source in The Mirror for king of Albanie, or Scotland, and Magistrates. going down to the Emperor Caracalla. Higgins' performance had an induction of its own in the octave B.-MINOR POETS OF THE stanza : its most striking feature is ELIZABETHAN PERIOD. the story of Lear's youngest daugh.

It is impossible to give any accuter, Cordelia. In 1587 the Mirror

rate classification of the innumerable assumed its final form by the union

poets who flourished during the of Higgins' series of narratives, to

reigns of

“Eliza and our James." which twenty-three more were added, with Baldwin's; but it was yet Hallam, "that nearly one hundred

" It was said by Ellis,” remarks again to be recast (1610) with new additions by an insufficient and mis- reign of Elizabeth might be enumer

names of poets belonging to the leading editor, RICHARD NICCOLS ated, besides many that have left no (1584-1616). It continued to enjoy memorial except their songs. This greai popularity until it was super- however was but a moderate comseded by a new poetical chronicle, putation. Drake (Shakespeare and entitled Albion's England, which his Times, i. 674) has made a list had been first published in 1586.

of more than two hundred," and, The Mirror for Magistrates was in the present activity of Elizabethan a grave and moral work, fraught, in studies, new names are constantly a very disturbed order of things, being unearthed. with lessons to princes; and the writers, especially Sackville, the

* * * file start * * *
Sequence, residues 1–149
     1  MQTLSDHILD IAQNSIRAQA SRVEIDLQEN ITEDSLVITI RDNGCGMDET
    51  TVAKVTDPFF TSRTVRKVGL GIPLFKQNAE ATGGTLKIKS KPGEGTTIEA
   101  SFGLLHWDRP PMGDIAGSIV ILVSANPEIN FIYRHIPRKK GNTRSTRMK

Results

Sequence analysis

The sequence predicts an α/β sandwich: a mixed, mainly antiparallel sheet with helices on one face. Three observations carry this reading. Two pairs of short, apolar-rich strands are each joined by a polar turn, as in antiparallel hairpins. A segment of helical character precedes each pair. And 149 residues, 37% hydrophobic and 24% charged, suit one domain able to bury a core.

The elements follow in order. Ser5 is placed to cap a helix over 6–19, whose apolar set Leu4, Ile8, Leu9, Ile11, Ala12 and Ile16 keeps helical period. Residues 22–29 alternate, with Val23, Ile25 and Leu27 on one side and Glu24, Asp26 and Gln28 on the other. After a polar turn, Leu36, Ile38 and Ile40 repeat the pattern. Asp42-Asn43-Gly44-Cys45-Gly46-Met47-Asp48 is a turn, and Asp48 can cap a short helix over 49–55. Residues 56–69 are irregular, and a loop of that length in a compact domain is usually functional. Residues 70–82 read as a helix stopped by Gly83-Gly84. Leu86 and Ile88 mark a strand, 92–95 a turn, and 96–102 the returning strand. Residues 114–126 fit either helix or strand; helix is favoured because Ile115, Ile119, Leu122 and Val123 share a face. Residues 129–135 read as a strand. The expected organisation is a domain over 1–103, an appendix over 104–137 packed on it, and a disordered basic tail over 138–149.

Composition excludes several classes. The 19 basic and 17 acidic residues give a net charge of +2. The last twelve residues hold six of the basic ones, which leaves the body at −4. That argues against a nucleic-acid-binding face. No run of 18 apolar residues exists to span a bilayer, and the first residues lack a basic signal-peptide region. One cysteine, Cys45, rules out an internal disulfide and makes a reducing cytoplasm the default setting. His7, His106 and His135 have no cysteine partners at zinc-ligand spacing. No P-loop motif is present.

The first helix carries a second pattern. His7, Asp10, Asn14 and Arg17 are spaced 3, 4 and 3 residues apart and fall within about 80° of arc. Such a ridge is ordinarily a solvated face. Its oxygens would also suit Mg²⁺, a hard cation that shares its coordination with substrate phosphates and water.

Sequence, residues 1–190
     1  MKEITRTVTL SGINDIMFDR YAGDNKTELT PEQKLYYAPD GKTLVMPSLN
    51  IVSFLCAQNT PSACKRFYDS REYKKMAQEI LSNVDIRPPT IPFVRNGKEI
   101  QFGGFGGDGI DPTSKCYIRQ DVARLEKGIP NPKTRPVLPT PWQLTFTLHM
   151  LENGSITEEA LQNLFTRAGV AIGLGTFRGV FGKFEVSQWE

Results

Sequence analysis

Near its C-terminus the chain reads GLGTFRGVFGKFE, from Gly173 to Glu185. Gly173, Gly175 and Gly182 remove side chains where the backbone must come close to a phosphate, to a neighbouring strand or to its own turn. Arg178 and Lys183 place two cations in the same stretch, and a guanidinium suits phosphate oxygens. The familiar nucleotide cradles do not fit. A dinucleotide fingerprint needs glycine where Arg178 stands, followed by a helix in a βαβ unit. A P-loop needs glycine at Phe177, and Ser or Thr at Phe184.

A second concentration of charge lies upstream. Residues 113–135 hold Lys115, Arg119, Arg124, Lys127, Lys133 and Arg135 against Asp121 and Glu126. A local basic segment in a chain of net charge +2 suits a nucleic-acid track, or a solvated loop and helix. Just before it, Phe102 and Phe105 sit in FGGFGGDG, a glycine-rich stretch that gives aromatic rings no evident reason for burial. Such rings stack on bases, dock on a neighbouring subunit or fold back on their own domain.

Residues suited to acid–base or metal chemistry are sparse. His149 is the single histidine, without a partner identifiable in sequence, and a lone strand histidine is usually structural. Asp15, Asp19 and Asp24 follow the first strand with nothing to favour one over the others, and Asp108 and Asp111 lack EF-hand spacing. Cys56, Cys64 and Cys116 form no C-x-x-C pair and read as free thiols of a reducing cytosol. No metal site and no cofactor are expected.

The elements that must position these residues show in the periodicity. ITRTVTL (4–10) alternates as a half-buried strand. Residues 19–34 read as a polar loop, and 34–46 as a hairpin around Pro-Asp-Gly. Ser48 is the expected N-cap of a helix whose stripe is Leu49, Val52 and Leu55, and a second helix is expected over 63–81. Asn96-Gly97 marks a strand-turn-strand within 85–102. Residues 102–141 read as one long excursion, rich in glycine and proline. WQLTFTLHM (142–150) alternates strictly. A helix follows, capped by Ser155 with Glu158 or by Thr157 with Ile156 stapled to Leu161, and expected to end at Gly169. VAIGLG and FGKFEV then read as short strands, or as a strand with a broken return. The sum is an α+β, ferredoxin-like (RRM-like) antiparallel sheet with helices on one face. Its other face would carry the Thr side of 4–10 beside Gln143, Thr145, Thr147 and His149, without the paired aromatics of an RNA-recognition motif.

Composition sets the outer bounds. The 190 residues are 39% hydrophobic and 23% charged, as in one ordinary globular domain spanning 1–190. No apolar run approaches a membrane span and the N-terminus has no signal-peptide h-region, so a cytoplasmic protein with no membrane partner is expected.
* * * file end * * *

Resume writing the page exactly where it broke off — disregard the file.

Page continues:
(1.) The Miscellanies. author of a very severe and ele. vated tragedy, took themselves very Some of the most valuable work seriously. They were the last of the of the lesser poets may be gathered poets whom Boccaccio's lesson on from the numerous miscellaneous the fleeting nature of human pros. collections of the age. We spoke perity moved deeply; they were, in of Tottel's Miscellany in the notes short, moralists before they were to the last chapter. None of the poets. The literary importance, succeeding miscellanies can comthen, of The Mirror for Magistrates | pare with it: the poets who figure in is that it is the last word of the them rose only here and there to the Chaucerian school. At the same high level of lyric poetry. But the time, as Warton says, its publica. fact that they were from time to time tion " enriched the stores, and ex- thus inspired, so that even the dullest tended the limits of our drama. of them, if only by a single song, These lives are so many tragical left his mark upon English literature, speeches in character. They sug- is one of the distinguishing features gested scenes to Shakespeare. Some of this greatest of all literary periods.